Leave the “Farming” to Farmers and Use Data to Personalize Your Real Estate Postcard Marketing
If you’re reading this article, then there’s a solid chance that you’re either a realtor or you’re employed by one. Regardless, I’m sure you’ve come across quite a few real estate postcards. And I can pretty much guarantee that most of those were terrible.
For some reason, realtor postcards are prone to weird, cheesy content that is intended to be clever, eye-catching, and enticing. But instead, it comes across as cheap and off-putting.
Why is this? Why do so many real estate postcards miss the mark? It’s because they’re trying to appeal to the masses instead of carefully selecting their ideal customers.
What’s Wrong with Farming?
In the Real Estate industry, sending postcard mailers is often called “farming.” It’s the direct mail equivalent of an email blast. Only, instead of spamming inboxes, realtors spam mailboxes. Essentially, a realtor will send out as many printed postcards as possible to whatever addresses they can find. They pay little or no regard for the personal qualities and characteristics of the recipient. Most people choose this option when they’re looking for the cheapest and easiest advertising they can find. And frankly, they get what they pay for: Lackluster results.
That’s not to say that this technique has no value. Sending postcard mailers to every household can be an effective marketing strategy in certain situations. But at Scout, we believe that personalization is the key to unlocking powerful growth potential.
According to a 2016 survey conducted by InfoTrends, consumers are over 80% more likely to open and read a piece of direct mail if it is customized with personalization. Does that sound crazy? Is it too hard to believe? Well, it’s true. Check out this quote from a Target Marketing article which referenced the survey:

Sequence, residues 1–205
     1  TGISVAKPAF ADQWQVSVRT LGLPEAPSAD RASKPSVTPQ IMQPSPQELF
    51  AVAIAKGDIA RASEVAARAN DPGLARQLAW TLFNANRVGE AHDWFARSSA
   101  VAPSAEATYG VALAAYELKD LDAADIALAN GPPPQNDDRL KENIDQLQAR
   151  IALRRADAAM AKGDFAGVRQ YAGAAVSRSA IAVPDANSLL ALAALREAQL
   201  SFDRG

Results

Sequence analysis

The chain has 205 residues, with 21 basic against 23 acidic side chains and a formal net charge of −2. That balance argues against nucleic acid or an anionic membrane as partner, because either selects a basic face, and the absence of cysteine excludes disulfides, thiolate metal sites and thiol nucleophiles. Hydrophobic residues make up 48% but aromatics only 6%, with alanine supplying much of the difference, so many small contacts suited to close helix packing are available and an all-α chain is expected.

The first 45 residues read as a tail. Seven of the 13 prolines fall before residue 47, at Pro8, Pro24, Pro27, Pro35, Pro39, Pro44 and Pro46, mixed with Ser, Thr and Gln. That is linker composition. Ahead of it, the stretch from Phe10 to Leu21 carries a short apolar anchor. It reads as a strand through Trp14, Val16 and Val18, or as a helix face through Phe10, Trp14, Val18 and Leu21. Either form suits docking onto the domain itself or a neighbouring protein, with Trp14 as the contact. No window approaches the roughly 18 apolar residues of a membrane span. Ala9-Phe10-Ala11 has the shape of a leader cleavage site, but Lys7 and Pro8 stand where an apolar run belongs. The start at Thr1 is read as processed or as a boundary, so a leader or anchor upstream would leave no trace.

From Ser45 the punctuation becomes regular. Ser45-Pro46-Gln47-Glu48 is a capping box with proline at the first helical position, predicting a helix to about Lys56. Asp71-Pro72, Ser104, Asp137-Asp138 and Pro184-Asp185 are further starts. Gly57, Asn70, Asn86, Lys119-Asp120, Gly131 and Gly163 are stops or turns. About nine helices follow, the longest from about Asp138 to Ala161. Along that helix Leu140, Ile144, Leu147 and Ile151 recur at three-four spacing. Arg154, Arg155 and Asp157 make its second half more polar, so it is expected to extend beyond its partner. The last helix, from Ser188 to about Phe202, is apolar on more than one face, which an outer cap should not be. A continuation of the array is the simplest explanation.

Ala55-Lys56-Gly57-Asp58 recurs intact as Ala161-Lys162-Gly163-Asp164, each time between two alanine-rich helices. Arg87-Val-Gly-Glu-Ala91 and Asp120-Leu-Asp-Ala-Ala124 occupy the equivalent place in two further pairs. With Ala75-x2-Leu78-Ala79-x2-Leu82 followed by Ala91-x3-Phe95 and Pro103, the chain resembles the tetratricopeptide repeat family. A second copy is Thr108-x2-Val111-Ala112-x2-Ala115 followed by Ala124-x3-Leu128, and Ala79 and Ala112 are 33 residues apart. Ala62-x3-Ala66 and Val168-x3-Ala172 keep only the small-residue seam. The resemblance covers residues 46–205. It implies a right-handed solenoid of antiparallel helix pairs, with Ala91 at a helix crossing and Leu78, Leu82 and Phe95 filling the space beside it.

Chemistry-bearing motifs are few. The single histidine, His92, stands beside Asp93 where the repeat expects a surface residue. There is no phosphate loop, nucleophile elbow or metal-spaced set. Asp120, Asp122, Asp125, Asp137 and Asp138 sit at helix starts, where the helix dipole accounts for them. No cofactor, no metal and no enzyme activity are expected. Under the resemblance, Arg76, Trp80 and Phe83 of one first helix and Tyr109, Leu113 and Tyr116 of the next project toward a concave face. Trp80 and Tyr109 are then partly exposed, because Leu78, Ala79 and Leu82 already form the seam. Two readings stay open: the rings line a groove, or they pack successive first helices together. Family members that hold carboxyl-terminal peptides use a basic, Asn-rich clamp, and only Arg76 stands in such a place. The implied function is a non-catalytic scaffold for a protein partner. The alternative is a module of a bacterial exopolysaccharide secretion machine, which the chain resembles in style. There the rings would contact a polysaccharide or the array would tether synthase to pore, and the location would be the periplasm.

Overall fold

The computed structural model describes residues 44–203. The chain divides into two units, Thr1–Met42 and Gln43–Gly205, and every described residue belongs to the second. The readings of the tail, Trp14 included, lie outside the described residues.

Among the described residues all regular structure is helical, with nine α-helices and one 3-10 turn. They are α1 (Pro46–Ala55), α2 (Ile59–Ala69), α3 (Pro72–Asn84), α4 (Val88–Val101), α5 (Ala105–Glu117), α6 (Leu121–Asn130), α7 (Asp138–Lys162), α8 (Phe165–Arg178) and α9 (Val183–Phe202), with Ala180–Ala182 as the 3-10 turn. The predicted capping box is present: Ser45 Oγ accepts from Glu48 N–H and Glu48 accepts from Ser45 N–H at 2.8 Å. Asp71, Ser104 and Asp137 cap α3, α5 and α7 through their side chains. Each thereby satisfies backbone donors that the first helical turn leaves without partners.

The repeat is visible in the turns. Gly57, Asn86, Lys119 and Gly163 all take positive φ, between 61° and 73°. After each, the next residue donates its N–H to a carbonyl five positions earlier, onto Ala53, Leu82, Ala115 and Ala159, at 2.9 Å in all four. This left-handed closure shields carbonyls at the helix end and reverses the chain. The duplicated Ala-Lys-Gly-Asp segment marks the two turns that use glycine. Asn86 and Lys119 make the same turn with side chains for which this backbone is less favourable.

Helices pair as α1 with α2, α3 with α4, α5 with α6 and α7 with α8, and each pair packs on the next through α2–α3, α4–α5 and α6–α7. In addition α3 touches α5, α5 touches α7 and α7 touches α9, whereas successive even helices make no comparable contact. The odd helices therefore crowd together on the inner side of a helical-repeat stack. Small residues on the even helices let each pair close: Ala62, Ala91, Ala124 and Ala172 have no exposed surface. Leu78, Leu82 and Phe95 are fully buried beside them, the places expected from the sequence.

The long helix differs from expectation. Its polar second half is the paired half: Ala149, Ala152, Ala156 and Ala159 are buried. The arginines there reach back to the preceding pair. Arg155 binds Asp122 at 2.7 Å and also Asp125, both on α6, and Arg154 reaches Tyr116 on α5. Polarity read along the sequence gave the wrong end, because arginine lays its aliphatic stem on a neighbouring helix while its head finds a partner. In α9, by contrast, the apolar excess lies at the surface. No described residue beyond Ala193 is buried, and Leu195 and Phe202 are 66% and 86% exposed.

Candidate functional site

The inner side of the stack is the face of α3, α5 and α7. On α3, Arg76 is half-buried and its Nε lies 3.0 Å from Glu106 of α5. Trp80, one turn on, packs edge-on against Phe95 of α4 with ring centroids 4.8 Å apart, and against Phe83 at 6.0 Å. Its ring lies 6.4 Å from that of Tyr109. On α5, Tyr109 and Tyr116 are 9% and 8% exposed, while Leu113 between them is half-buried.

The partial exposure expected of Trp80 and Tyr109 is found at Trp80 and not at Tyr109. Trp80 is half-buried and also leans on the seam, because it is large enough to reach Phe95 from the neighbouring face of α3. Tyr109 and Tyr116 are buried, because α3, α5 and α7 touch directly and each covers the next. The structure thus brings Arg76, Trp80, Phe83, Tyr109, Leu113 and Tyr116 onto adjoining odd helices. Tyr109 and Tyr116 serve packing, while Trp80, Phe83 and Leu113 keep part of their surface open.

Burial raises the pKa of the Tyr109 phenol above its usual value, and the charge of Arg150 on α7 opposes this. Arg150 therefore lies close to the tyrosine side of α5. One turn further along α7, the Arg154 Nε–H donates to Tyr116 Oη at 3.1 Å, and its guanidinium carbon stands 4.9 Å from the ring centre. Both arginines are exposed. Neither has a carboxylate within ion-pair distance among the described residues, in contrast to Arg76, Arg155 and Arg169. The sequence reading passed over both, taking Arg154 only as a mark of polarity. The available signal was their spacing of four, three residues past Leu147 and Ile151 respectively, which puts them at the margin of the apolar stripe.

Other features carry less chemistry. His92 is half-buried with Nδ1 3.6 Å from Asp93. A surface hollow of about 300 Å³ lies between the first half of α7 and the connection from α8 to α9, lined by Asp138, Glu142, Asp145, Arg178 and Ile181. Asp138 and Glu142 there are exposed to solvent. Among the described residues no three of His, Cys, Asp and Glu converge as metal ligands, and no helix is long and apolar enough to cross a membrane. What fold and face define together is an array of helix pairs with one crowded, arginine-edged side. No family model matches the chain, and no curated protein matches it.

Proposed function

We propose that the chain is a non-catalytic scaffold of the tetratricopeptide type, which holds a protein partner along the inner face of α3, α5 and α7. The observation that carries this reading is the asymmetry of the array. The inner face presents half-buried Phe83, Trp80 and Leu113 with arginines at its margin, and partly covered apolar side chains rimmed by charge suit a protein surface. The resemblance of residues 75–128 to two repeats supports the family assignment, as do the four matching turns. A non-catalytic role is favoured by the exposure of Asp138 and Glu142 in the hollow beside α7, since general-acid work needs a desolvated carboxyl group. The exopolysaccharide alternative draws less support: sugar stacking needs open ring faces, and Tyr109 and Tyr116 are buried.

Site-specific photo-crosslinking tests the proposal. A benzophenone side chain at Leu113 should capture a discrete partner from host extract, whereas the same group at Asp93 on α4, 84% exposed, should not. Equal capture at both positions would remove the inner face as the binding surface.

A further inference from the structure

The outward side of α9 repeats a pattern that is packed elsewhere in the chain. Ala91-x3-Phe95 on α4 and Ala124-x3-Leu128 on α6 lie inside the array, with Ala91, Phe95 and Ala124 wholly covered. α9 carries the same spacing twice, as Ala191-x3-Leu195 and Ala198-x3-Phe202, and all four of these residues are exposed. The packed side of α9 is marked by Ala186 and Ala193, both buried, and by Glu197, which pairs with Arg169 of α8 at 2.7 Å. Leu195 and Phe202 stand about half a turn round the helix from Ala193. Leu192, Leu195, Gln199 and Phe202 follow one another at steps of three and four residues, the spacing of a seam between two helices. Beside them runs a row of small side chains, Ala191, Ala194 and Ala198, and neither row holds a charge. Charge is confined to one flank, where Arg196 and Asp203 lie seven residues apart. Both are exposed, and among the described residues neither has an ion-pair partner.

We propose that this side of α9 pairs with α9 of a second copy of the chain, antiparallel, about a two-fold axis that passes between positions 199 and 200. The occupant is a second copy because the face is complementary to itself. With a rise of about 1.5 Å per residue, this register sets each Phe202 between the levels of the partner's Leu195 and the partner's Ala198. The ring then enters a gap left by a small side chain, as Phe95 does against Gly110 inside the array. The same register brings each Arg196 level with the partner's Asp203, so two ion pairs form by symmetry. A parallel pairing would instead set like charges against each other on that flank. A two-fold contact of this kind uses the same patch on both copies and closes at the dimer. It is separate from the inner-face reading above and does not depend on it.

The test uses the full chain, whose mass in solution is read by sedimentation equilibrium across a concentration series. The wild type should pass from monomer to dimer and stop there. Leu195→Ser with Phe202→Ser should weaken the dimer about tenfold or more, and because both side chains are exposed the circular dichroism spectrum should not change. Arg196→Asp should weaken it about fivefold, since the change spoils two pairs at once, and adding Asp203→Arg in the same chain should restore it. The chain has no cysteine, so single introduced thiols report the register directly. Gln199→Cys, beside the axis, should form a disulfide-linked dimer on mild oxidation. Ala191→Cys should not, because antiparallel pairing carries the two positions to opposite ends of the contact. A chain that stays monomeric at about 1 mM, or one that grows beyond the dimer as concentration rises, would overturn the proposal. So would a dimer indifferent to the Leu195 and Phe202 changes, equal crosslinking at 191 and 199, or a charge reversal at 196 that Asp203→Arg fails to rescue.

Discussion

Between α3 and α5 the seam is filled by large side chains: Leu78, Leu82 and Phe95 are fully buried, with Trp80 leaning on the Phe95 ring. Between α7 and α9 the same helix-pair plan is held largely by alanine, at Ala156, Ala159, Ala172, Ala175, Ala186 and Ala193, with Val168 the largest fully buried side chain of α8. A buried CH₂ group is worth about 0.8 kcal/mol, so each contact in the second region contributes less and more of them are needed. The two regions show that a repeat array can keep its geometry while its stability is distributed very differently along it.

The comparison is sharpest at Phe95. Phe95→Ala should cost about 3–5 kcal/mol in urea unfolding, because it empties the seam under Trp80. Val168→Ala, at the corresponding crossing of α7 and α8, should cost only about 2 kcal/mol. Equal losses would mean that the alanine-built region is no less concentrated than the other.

Survey Question: Does the customization or personalization of a direct mail piece make you more likely to open/read it? 29.2 percent said, “Yes, much more likely,” and 55 percent said, “Yes, a little more likely.” With numbers like that, you need to be personalizing.
So what does it mean to personalize real estate postcards? What does that actually look like?
Before we get into the details about what you should be doing, let me clear up any confusion by explaining what you should not be doing.
People’s homes are their most significant investment and their biggest expense. They take their investment seriously, and it’s not something you should joke about. Don’t try to stand out by being cute or funny. Because although you might grab their attention for a moment, you won’t convince anyone that you are a competent professional who is worthy of trust.
Here’s what I’m talking about:
Don’t do this. It’s toad-ally dumb.
Moooooove this idea to the garbage can.
Do you get the point? These postcards are nothing more than hard-copy memes. They convey no sense of competency or professionalism. And in the end, you’re the one paying the price. Every card you send is money coming out of your pocket. So spend your resources wisely and pay attention to the information provided in this article.
Data, Data, Data
Okay, so how can realtor postcards be personalized? In a word: Data.
Across all industries, data is the driving force behind successful marketing strategies. And because the internet is a self-feeding machine, it’s easy to think that digital channels are the only way to capitalize on our current information revolution.
But that’s simply not the case.
Scout has harnessed the power of data and combined it with the versatility of Variable Data Printing to unleash endless possibilities for marketers. And over the years, we’ve discovered that our personalization services are especially useful for the real estate industry.
I’ve structured this article into three main categories that are most relevant for realtors. We’ll explore each one, and I’ll share some examples to show how you can drastically increase your incoming leads and overall revenue growth with personalized postcards.
Here’s what we’ll cover:
- Consumer Data
- Home & Location Data
- Sales Data
But before we begin…
I want to make myself available to answer any questions you may have. If this article doesn’t provide you with the information you’re looking for, please let me know. Or if you learned something new, and you’d like more details, I’m happy to help. I geek out over this type of stuff, and I can talk about it for days. Don’t hesitate to drop me a line, and I’ll get back with you right away.